A rotating panel of experts from the worlds of philosophy, psychology and religion offer their perspective on the dilemmas that come with living in Southern California.

Compiled by LARRY B. STAMMER / Times religion writer

Today's question: Americans are deeply concerned about terrorism and political assassinations in the Middle East. As a "peacemakers summit" opens today in Egypt, is there anything on an individual level that Christians, Jews and Muslims in Southern California can do?

The Rev. George Gross

Presbyterian minister and president of the Academy for Judaic, Christian and Islamic Studies at the University Religious Conference at UCLA

This problem will not go away tomorrow. We must think about the immediate and the long-term. The immediate is to call your priest, minister, rabbi or imam and ask that special prayers be offered. Make sure they do it. Personal prayer is also important. In the long term, we must face up to the fact that the three communities, Judaism, Christianity and Islam, are bonded together and have intertwining destinies, and will to the end of time. We must stop going about as if the other two communities had no religious connection with us. In the United States, we must maximize the good in this bond that we have together. What we do here will have an impact in the Middle East. Many Jews and Muslims here have family there. So do the Coptic Christians.

Rabbi Marvin Hier

Dean and founder of the Simon Wiesenthal Center, Los Angeles

They should register their support for the counter-terrorism bills now before the Congress, urging that they be passed. They should also write the State Department urging that those countries that have shown an indifference to international terrorism be held up to scrutiny by the United States and should not receive any foreign funding that can be held up. For example, Syria is mentioned in a State Department report as sponsoring or allowing terrorist groups to live or reside in Syria. They refused to attend the summit. Individuals basically should voice their concern to the appropriate legislative bodies. That is the best way to influence our legislators to show how concerned we are.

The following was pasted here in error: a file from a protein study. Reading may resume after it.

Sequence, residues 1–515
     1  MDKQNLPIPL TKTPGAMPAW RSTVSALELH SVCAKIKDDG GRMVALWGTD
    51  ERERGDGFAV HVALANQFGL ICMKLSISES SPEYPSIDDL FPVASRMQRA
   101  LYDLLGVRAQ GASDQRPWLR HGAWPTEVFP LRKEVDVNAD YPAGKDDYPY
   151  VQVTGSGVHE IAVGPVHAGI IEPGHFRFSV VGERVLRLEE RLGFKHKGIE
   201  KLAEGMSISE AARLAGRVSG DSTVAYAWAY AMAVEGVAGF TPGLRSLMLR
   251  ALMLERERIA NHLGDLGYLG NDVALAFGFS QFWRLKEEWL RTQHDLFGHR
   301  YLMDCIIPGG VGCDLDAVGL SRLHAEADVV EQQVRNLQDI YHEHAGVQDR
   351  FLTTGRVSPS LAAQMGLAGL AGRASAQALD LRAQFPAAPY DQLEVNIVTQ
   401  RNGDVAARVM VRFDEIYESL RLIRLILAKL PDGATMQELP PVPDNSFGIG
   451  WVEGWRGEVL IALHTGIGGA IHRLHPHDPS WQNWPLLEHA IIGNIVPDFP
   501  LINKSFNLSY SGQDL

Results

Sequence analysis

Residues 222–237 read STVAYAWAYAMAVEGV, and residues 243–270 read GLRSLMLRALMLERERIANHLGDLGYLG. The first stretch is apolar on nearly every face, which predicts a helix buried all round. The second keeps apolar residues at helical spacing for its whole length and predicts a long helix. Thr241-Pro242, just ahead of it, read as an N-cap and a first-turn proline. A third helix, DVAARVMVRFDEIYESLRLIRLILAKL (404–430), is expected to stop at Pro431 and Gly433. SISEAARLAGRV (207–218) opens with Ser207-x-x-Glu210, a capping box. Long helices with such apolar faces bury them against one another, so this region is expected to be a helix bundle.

Dr. Maher Hathout

A physician, author of books on medical ethics from an Islamic perspective and spokesman for the Islamic Center of Southern California, Los Angeles

I hope that people like us in America who have the opportunity to feel a very broad-based pulse should alert the summit to the sore spots. A major sore spot for Muslims is the double standard. You rarely find a Muslim who will justify a terrorist attack. But you will find lots of Muslims asking why the huge reaction just now? Where were all those people when villages in south Lebanon were leveled and when homes were bulldozed? Those were Arab civilians also who were killed. When something terrible happens to them, nobody cares. When something terrible happens to Israel, the whole world is rallying to it. Terrorism should be condemned across the board. If Jews and Muslims in Los Angeles express this, we might be able to shed some light on the darker corners the summit needs to be aware of.

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